Dialysis Needle Dislodgement, Other Safety Problems Plague Clinics

A new ProPublica investigation is shining a harsh light on <"http://www.yourlawyer.com/topics/overview/Dialysis-Needle-Dislodgement-Hemodialysis-Blood-Tube-Hemorrhaging-Bleeding-Lawyers-Lawsuit-Attorney">dialysis clinics throughout the US. According to the piece, the US has the worst death rate among <"http://www.yourlawyer.com/topics/overview/Dialysis-Needle-Dislodgement-Hemodialysis-Blood-Tube-Hemorrhaging-Bleeding-Lawyers-Lawsuit-Attorney">dialysis patients in the world, with one in five patients dying each year. That’s double the rate of countries with the best dialysis outcomes, ProPublica said.

One of the major causes of dialysis death and injury is hemorrhaging as a result of needle dislodgement. In a typical treatment, a technician attaches the patient to the dialysis machine by inserting two needles into the patient’s access point. Each needle is attached to a tube, one of which carries the patient’s blood into a filter called a dialyzer. The other tube returns the clean blood.

According to ProPublica, dialysis machines can now cycle patients’ blood at a rate of 300 milliliters to 500 milliliters per minute, making dislodgements more dangerous than in earlier eras when treatments were done more slowly. One nurse told ProPublica that needle dislodgement during dialysis is akin to “turning up the pressure on your garden hose.” In some cases, significant blood loss can occur in less than 10 minutes.

Such occurrences are largely preventable. But in dozens of cases in which patients suffered such harm, government inspection records show, regulators later cited clinics for failing to adhere to minimum standards of care, ProPublica said.

ProPublica’s examination of inspection records for more than 1,500 clinics in California, New York, North Carolina, Ohio, Pennsylvania and Texas from 2002 to 2009 found at least one fatality resulting from needle dislodgements in each state during this period, plus dozens of additional cases in which patients required hospitalization, blood transfusions or other emergency interventions.

According to ProPublica, only a handful of states, including Colorado, Georgia, New York and Tennessee, mandate that dialysis units report incidents resulting in unexpected patient deaths or injuries. Some healthcare workers told ProPublica that that bleeding incidents sometimes aren’t reported, particularly if patients do not need to be transferred to a hospital.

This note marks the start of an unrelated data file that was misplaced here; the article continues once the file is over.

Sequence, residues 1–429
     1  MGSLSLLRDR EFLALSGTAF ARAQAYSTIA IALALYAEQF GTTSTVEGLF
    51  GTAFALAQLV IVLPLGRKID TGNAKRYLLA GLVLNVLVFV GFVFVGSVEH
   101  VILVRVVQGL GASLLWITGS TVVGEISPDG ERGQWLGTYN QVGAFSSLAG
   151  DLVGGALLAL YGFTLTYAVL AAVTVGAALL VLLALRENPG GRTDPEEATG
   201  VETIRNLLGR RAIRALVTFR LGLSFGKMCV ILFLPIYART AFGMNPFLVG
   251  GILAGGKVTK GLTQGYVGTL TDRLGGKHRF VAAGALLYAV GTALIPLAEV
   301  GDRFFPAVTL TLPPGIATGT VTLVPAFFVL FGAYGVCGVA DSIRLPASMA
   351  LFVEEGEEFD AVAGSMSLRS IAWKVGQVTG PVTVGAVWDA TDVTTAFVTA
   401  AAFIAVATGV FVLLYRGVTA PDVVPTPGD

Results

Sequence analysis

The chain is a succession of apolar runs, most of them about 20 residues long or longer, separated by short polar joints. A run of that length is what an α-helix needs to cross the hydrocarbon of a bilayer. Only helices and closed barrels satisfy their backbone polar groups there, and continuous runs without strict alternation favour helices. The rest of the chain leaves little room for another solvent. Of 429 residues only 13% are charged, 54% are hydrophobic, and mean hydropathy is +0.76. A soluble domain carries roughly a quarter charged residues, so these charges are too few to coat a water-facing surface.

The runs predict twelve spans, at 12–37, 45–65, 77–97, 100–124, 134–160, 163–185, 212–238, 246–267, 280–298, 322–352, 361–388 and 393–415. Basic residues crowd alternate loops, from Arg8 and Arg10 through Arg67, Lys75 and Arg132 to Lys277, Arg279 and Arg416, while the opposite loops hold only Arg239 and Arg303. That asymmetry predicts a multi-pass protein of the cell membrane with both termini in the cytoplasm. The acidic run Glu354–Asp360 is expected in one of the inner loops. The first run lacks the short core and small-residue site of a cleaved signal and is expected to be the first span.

Unpublished government cause-of-death data reviewed by ProPublica confirms that treatment-related bleeds kill patients each year: From 2006 to 2008, facilities gave “hemorrhage from dialysis circuit” as the primary cause of death for 18 patients and as a secondary cause for six more.

ProPublica’s review of inspection records obtained via Freedom of Information Act requests from the Center for Medicare and Medicaid Services (CMS) also uncovered other problems at US dialysis clinics. In nearly half of the units, inspectors noted dirty or unsafe conditions, including dried blood in treatment chairs or on walls, floors, and ceilings. Hundreds of clinics were cited for lapses in infection control, and dozens more for prescription errors. In many cases, staff at dialysis centers were monitoring more than the recommended number of patients. Almost none have doctors on the premises and some do not even have a registered nurse. While clinics are supposed to be inspected every three years, records showed some had gone for more than five years without a thorough review.

According to ProPublica, kidney dialysis became common in the US as a result of a 1972 law that mandated Medicare coverage for almost all patients who depended on the procedure. Close to 400,000 Americans receive dialysis, with most undergoing three treatments per week at outpatient clinics. Medicare has long favored large companies because of their ability to hold down the cost of dialysis. As a result, almost two-thirds of US dialysis clinics are now owned by one of two companies, Fresenius Medical Care North America, a subsidiary of a German medical supply company, and DaVita Inc. in Denver. Each has at least 1,500 clinics and more than 120,000 patients. No other operator in the US has more than 300 clinics.

Unfortunately, for dialysis patients, safety information on clinics has been hard to come by. While CMS has a Dialysis Facility Compare tool on its website, it does not contain detailed quality data, ProPublica said. Interestingly, just days before ProPublica published its investigation, CMS decided to release all of the data.

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